BENGALURU: The archetypal image of a policeman — tough, phlegmatic, and immersed in his job of nabbing criminals — is sometimes shattered. After all, their duties entail serving the public, and while doing that, they must step out of the precincts of the police station, look beyond the khaki and find solutions to problems in society rather than evidence.
Raj Kumar, 16, is a native of Bihar, who found reading, writing, and speaking Kannada an onerous task, and he failed the SSLC exam which was held in May, 2022. His mother works as a cook in an apartment complex in HSR Layout, and being penurious meant he might have to discontinue his studies. Dispelling the gloom, strode in police inspector LY Rajesh of Bandepalya police station. Kumar, who speaks Maithili, had scored only 18 in the SSLC exam in May. With the help of 21-day special coaching arranged by Rajesh, his marks almost doubled to 34, and he was promoted. He will be joining Vijaya College for his PUC.
“I had a problem learning the basics. Teachers like Geetha and Manju V helped me understand the preliminary concepts. I wrote tests to prepare for the exam. ‘Inspector sir’ arranged for tutions, and breakfast every day, and, as a result, I passed. My total score was 355, which placed me in second class,” said Kumar.
Like Kumar, V Reena from New Mother Theresa High School in Hosapalya failed the SSLC exam in May, obtaining 30 marks in Kannada and 27 in Hindi. Her father Veeranna, a fish seller at the local market, blamed the Covid-19-induced lockdown for his daughter’s loss of concentration, and the eventual academic disaster. After attending the tuition classes which were arranged by Rajesh, she scored 50 in Kannada and 54 in Hindi.
As a metaphorical guru Dakshina, Faizan Pasha, who is all set to join college after passing with 60 per cent marks, came down to the police station with a box of sweets to thank Rajesh. Pasha had scored only eight in Kannada which surged to 43 after tuitions. He has scored a total of 375.
Speaking to The New Sunday Express, Inspector Rajesh said, “After the result, I was worried about the students in my station limits who have failed. I feared that they might be compelled to shelve studies without assistance, and some of them could commit crimes.” “During the investigation of one of my cases, an accused told me that after he had failed, there was no one to care for him. If someone had helped him to resume his studies, he would not have become a criminal. This led me to arrange for tuition for students from poor and vulnerable backgrounds during the SSLC exams. Of the 85 students who came for the tutions, 42 have passed. We are also trying to arrange for re totaling as it may help some of them clear the hurdle.”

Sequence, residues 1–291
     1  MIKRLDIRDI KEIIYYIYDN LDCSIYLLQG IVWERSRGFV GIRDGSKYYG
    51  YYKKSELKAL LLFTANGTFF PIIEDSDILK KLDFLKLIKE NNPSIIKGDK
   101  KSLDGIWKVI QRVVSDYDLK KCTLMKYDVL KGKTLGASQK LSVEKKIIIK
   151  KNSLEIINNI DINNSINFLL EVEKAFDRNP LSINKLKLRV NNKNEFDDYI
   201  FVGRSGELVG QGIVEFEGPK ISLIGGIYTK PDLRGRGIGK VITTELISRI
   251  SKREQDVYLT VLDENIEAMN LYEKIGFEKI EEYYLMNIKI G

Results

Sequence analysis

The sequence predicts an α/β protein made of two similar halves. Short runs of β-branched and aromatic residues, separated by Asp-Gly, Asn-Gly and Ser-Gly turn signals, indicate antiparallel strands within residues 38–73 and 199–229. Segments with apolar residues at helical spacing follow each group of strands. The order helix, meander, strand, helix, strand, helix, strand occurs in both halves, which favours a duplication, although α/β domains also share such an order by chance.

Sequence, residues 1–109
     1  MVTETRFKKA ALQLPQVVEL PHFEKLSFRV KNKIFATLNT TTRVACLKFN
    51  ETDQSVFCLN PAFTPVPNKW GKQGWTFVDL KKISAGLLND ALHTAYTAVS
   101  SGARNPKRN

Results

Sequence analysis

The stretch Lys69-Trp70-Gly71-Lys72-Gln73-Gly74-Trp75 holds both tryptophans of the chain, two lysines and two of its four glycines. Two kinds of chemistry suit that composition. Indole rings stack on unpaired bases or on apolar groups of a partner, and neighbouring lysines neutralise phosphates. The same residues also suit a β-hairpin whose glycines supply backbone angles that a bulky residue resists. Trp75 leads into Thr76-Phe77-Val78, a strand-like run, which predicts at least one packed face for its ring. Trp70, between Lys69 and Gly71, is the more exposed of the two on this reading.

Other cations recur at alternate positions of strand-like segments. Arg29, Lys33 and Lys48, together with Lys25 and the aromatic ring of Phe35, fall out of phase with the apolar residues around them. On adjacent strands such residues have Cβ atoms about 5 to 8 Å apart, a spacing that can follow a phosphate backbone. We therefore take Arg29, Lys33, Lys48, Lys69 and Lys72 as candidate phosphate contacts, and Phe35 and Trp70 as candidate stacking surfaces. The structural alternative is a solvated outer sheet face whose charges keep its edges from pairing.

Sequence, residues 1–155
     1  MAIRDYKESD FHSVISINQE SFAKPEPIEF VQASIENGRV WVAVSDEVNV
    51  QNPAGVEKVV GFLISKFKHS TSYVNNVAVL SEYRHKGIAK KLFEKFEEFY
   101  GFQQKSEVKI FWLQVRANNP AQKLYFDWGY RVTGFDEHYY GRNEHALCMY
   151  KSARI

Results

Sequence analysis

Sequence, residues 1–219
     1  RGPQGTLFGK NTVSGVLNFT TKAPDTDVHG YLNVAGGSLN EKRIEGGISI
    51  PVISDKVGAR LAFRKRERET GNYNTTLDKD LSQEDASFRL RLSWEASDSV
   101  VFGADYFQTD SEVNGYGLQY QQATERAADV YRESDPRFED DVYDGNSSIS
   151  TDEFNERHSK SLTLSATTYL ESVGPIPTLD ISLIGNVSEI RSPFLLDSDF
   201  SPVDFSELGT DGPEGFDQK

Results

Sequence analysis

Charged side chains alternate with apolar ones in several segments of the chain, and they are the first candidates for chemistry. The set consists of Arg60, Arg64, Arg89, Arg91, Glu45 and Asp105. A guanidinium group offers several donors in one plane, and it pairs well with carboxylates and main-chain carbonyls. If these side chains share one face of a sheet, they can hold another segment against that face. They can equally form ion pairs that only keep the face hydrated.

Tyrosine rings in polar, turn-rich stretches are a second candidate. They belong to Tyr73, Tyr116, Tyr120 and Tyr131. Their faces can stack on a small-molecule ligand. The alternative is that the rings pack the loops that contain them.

He was supported by an NGO Raajalanchana which sent its youth wing members to bring students and counsel them. The teachers were chosen from within the station limits, and permission was obtained from respective management to engage their staff in tuition for the needy students. As the police were dealing with minors, he assigned sub-inspector Muzzamil Khan and Chikkanna Hajagowal as coordinators for the project.
After the results were announced in June, schools in the station limits were contacted, and a list of students was drawn. Their parents were called and explained about free tuition. After their consent, an ID card was made for each student, and a WhatsApp group was created comprising teachers, police, and parents to monitor the students.
Since the classes were held from early morning till evening, Rajesh, through the apparatus of his network, arranged for food and snacks for students for 21 days. Swiggy had sponsored cake and juice. Hotel Arogya, Udupi, Hunger Camp, Chef Tech, and Gokul Garments supplied food.
“Our objective was to save an academic year for the students. We helped them revise, practice the probable questions, and explained the method of the exam, among other things,” said Rajesh. Salma Banu from Al-Rahi English school, who is still monitoring the remaining students who have failed in English and Social Science, lauded the police team for going beyond their charter of duties.
“The students are from different backgrounds. Most of them are poor and weak in their studies. Their parents are illiterate and a few of them were unemployed. When the students failed in their first attempt at the SSLC exam, they and their parents were depressed. At this critical hour, Bandepalya police station’s inspector Rajesh and his team helped the students. They selected the best teachers to train them. He stood like a pillar, and gave them moral support,” Salma Banu explained.